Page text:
That was how we discovered which household item cleans pennies the best.

The completed poster
The completed poster

Have I mentioned how much I hate school projects?

Mission project – DONE!

We’ve finished the dreaded Mission Project, and we survived!  Let me be the one to testify right here and now that anyone who is saddled with this monstrous project can indeed create a Mission, and even have it look somewhat like an actual building.  If uncrafty and artistically untalented me can guide my son in making a stucco-esque building, so can you.

First off, I’d like to share a quote with you found from the literary pages of Twitter earlier this week:

“The way you get involved in your own kid’s school projects is a great metaphor/indicator of your parenting style.”  @cmcauley

And let me tell you, from this Missions project I have learned that the way I parent is on the anal, perfectionist side with a bit of overbearingness, which kind of surprises me since I always thought I was kind of laid back.

Because I love quoting awesome cartoon movie scenes, I have another one for you.  Remember that scene in Surf’s Up, when Zeke is teaching Cody how to make his own board?  And Zeke is totally into the shaping of the board?

“Can I do it now, Mom?” the Taz asked me as I painstakingly applied perfect strokes of brown paint on the ground board, making sure to show him over and over how to move the brush in one direction so that every bit of the board was covered with brown.  But he did just fine as he took over and painted the rest of the board in preparation for the actual building.

I learned that another part of my parenting style was the ability to let this be a learning process in parenting, even though I’m more than a decade into this job as mom.

I did do most of the cutting with the Exacto knife, as well as much of the gluing of the building part to ensure a sound structure, for safety reasons, and because that anal side of me isn’t just going to disappear.  But he did the rest of the Mission, and did a fantastic job at it.

One really cool tip for those of you who will be making Missions in the future?  White paint and sand mixed together make an awesome stucco.  The Taz sponged this onto the building, and it looked really realistic when it dried.  And a tip for anyone attempting this – pay attention to measurements.  We created a fake Mission mock-up using construction paper that we taped together.  Of course, even creating a model first doesn’t mean your measurements will come out perfect.  You’ll see why in the pictures….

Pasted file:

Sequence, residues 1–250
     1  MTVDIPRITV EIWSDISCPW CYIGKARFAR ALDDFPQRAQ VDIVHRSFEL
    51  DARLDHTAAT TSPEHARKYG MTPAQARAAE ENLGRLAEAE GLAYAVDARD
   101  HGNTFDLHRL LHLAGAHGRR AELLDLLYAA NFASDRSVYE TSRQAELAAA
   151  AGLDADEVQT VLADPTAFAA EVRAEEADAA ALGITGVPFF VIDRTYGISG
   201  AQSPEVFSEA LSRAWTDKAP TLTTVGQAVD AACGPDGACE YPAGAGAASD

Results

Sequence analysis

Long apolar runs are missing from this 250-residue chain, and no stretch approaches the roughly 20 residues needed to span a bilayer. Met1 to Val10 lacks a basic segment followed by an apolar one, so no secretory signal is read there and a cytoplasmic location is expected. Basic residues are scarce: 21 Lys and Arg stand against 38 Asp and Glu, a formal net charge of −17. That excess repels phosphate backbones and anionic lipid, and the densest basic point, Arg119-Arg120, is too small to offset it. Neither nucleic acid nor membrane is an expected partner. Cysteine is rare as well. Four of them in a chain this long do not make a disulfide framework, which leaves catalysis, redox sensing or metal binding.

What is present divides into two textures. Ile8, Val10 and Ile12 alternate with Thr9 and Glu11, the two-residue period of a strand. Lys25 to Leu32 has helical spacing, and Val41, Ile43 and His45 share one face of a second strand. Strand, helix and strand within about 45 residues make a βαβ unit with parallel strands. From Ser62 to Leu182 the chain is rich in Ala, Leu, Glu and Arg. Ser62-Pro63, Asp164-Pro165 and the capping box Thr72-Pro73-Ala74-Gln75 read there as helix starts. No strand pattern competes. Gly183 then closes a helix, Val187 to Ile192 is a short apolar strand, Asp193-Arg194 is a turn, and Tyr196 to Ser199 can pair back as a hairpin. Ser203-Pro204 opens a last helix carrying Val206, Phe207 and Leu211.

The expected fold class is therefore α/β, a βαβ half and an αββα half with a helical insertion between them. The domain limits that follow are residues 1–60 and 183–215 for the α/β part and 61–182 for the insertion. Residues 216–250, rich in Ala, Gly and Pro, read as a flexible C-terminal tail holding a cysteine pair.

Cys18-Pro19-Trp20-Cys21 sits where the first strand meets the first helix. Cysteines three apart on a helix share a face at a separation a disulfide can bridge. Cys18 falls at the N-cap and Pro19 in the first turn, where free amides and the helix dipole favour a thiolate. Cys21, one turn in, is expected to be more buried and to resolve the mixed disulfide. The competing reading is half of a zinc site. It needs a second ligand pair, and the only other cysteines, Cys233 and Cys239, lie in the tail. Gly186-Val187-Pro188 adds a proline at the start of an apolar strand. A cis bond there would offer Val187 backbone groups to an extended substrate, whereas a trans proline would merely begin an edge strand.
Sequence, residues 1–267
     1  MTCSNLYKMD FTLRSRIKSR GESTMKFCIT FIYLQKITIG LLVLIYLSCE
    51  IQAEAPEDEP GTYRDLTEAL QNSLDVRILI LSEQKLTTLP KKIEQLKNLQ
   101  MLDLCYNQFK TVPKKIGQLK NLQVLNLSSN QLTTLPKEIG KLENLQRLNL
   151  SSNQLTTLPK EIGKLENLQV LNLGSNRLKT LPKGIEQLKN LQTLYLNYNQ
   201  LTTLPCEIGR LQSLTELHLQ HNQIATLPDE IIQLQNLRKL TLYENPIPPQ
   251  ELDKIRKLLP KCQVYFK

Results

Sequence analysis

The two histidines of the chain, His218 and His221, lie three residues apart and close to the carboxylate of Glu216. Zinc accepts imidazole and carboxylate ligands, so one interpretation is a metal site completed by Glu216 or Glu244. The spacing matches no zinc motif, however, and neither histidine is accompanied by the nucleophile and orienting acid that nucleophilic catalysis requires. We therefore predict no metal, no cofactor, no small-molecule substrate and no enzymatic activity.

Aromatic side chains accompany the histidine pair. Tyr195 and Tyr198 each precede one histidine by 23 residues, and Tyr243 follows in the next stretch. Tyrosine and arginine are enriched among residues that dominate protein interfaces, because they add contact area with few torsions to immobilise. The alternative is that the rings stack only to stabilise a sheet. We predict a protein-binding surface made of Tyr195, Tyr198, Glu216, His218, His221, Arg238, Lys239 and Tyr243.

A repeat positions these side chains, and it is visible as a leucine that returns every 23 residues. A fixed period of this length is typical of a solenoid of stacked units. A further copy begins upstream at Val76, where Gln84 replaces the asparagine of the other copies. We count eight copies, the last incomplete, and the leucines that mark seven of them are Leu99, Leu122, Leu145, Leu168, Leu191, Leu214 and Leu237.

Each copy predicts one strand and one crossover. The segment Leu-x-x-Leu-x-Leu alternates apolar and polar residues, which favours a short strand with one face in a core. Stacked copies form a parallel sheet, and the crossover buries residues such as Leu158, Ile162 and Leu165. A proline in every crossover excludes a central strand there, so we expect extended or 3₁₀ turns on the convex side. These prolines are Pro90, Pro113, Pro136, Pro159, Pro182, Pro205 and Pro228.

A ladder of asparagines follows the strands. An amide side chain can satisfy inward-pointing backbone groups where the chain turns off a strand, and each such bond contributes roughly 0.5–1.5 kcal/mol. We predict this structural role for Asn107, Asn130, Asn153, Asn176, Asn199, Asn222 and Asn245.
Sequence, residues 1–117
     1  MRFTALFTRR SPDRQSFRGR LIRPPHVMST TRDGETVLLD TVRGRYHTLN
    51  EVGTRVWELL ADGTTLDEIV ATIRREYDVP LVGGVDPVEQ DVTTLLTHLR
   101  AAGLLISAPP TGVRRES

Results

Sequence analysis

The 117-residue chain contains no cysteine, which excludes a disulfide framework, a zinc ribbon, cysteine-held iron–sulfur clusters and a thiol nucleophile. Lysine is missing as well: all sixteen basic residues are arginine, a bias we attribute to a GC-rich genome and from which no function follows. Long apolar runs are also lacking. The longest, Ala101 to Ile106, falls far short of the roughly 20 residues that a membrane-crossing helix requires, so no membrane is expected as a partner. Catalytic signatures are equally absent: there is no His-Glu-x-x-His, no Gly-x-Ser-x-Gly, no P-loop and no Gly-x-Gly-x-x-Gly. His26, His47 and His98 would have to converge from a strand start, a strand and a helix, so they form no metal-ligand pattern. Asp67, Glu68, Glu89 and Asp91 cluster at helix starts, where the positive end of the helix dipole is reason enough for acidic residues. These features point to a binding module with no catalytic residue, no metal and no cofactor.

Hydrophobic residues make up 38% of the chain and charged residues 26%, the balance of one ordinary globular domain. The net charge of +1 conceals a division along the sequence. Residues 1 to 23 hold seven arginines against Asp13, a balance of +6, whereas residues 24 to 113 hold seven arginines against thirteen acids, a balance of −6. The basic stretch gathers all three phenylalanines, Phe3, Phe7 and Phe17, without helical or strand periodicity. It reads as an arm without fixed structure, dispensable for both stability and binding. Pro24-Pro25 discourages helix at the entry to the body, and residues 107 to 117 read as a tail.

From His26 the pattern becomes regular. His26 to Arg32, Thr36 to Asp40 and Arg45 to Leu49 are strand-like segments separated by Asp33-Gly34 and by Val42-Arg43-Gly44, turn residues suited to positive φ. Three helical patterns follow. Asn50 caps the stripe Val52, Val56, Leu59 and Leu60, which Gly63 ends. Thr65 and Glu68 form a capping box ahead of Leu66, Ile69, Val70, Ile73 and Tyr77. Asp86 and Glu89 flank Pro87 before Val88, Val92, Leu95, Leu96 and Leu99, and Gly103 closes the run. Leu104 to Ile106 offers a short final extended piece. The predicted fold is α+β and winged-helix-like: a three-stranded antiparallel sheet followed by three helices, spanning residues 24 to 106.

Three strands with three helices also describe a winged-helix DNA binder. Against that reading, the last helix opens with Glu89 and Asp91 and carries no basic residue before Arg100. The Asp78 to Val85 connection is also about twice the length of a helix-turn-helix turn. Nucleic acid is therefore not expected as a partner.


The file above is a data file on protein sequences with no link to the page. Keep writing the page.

Our Mission Adventure
By Wine Country Mom and the Taz


The Taz taping the pieces together so I can glue them on the board.


Wearing my Mission Making Uniform, hot gluing the building together.  I do believe this was the worst part of the whole project.  And damn, do I look HOT doing it!


As you can see, I got a little enthusiastic about the glue part.


Even Lucci doubted my gluing skills and tried to take over (no curious kitties were burned by hot glue guns in the Mission making process, nor did they come away with paws that stuck together – though they came close).


At this point I was seriously doubting mine and the Taz’s Mission making skills.  It was looking rather rough with glue all over it.  Plus….


…the measurments may have been kind of screwy.  This part was supposed to be taller than the building.  And as you can see by the sides, we had to overcompensate with the glue in portions where the cardboard wouldn’t meet up.  We thought we had screwed up the whole thing.  But after painting it, adding the roof, and then decorating it with embellishments…..


…the Taz came out with a pretty sharp looking Mission.  Those “bushes” are tufts of Rosemary from the bush outside our house.  The bells are tied by embroidery thread.  The rocks were collected from our backyard.  The cross on the top is a chopped up BBQ skewer.  And the roof is made from correlated cardboard painted red.

Other people created their missions out of clay, out of sugar cubes, and one kid even had electricity in his with a flip of the switch!  Have you had to make a Mission with your child?  How’d it go?  And how much of your child’s project did YOU do?